Christophe Mulle studied at the Ecole Normale Supérieure in Cachan. He is a cellular neurobiologist expert in electrophysiology of synaptic transmission and glutamate receptors. After a PhD at the Pasteur Institute with Jean-Pierre Changeux and a post-doc at the Salk Institute with Steve Heinemann, he has been guiding a CNRS laboratory in Bordeaux since 1995. His research ambitions to link cell biological mechanisms of protein trafficking to synaptic physiology and to address synaptic dysfunction in models of cognitive disorders such as Alzheimer's disease. He has contributed to the understanding of the elusive kainate receptors as regulators of neural circuits and provided the first insights into the molecular events that govern their polarized trafficking. In recent years he has investigated the mechanisms of synaptic integration and plasticity in hippocampal CA3 pyramidal cells. A unique strength of his team is its ability to implement interdisciplinary studies, bridging molecular and cellular techniques to physiological questions in vitro, and in vivo in the context of episodic memory encoding.
The projects of the team are centered on the formation, operation and plasticity of cortical circuits involved in rapid memory encoding. The group has two main focuses, 1) the mechanisms underlying the specification and plasticity of synaptic properties in hippocampal pyramidal cells and 2) the operation and plasticity of local cortical circuits (mainly CA3) in the context of episodic-like memory encoding. Great efforts are made to implement these questions at an integrated level in the mouse and to develop methods for interrogating the connectivity and function of local circuits in vivo in behavioural conditions. These studies address control conditions as well as mouse models of cognitive disorders such as Alzheimer's disease.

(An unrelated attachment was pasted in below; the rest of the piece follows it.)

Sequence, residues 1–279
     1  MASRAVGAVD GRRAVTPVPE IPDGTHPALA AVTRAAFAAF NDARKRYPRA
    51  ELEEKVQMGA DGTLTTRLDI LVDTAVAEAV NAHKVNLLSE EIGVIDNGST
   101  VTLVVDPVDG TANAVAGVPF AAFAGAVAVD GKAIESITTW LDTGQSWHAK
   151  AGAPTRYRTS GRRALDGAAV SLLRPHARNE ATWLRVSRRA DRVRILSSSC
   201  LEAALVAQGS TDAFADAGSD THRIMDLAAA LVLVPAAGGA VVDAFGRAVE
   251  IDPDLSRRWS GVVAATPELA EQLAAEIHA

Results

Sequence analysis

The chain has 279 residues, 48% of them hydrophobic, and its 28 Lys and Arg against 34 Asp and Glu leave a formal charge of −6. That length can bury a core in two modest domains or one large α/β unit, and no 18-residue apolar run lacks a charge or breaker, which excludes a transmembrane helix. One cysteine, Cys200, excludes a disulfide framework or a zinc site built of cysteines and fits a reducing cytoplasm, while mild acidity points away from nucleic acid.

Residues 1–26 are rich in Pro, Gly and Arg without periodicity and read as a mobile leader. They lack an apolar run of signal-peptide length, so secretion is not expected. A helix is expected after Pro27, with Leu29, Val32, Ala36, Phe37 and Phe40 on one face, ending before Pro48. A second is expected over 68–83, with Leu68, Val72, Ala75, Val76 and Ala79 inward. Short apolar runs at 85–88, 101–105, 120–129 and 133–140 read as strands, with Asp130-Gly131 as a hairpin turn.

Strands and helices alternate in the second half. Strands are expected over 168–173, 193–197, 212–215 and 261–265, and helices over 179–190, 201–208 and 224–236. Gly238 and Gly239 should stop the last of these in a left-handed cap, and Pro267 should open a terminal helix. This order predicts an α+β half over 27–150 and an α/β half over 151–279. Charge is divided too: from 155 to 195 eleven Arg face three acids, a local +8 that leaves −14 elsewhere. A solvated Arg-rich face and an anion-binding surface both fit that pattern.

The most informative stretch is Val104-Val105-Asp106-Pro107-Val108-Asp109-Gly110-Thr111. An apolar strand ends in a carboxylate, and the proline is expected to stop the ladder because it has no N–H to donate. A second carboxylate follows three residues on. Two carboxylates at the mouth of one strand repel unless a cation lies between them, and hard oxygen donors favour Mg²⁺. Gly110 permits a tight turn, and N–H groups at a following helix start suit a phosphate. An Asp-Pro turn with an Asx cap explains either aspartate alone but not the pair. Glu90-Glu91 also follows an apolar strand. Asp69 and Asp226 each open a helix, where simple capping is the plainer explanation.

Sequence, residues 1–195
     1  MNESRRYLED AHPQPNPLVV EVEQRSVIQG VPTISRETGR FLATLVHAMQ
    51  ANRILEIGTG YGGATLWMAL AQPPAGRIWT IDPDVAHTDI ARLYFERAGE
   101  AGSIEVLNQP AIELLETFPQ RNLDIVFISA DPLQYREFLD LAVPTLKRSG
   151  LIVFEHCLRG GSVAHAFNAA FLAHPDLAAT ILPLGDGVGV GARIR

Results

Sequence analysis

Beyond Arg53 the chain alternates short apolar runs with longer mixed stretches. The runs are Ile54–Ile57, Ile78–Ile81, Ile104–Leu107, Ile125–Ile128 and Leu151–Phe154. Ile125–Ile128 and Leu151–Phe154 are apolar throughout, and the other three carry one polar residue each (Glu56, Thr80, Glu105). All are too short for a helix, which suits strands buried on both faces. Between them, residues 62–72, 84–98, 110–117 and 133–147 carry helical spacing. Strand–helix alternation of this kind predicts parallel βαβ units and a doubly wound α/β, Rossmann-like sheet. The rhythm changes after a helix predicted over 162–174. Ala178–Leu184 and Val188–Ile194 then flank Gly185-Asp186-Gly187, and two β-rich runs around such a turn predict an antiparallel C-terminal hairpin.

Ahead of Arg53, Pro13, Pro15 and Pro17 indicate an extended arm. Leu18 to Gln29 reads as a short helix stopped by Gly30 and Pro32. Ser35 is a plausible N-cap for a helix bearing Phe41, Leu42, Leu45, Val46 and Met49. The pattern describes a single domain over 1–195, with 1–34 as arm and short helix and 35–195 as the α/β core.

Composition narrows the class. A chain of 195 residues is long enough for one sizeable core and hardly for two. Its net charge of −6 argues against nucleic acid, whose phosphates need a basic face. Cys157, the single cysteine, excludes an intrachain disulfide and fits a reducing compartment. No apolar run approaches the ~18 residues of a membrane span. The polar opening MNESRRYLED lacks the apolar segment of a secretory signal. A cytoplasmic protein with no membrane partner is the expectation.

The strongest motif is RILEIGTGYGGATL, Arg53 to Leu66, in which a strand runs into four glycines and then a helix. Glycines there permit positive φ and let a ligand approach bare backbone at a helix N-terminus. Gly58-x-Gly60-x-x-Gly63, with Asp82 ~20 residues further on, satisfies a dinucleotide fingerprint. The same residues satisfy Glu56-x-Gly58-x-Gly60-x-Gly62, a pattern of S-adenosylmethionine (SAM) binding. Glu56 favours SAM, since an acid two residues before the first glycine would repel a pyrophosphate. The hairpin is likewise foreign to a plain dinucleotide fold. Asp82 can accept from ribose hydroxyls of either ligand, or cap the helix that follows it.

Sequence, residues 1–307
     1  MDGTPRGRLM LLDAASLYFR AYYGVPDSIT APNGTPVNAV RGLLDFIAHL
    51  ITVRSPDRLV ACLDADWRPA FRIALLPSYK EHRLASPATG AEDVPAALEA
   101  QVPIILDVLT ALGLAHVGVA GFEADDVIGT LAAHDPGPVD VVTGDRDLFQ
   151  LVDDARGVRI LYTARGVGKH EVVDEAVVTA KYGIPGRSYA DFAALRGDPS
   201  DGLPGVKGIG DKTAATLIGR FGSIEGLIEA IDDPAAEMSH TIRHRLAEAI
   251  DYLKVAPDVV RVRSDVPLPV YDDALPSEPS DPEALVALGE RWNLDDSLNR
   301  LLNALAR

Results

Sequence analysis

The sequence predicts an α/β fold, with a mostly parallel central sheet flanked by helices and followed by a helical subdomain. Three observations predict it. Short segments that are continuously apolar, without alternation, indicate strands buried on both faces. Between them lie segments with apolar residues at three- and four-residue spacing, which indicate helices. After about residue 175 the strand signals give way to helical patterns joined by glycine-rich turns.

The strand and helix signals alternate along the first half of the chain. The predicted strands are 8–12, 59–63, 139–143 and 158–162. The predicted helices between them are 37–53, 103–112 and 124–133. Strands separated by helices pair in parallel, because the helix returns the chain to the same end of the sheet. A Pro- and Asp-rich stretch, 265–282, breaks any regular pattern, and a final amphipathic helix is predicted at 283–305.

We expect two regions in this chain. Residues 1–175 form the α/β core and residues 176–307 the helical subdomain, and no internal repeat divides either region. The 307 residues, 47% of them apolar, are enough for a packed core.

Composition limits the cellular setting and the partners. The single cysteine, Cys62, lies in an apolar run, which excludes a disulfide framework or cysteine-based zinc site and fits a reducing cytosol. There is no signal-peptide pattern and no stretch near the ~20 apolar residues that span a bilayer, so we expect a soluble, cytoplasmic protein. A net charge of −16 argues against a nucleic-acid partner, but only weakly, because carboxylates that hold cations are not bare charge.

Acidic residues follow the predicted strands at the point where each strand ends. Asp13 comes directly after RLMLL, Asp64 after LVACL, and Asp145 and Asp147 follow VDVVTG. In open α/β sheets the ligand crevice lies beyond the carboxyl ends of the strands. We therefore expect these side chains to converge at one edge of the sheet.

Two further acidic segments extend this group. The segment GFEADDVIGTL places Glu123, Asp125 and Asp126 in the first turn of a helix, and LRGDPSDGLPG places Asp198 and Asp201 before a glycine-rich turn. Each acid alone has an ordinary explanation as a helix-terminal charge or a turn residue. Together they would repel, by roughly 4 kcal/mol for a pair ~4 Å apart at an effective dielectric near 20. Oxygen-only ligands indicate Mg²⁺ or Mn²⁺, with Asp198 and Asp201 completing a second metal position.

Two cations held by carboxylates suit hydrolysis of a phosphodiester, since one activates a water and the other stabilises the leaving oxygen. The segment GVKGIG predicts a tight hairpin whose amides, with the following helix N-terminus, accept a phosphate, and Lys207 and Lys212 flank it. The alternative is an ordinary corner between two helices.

The group uses a combination of approaches including the development and application of cell-specific gene targeting, in vitro and in vivo electrophysiology, cell biology, live cellular imaging, neural circuit mapping, neurocomputation and behaviour.
For further information, please also see: http://www.iins.u-bordeaux2.fr/research-teams/mulle and http://www.inb.u-bordeaux2.fr/dev/EN/researcher.php?researcher=Christophe%20Mulle&id=103
A full publication record can be found here.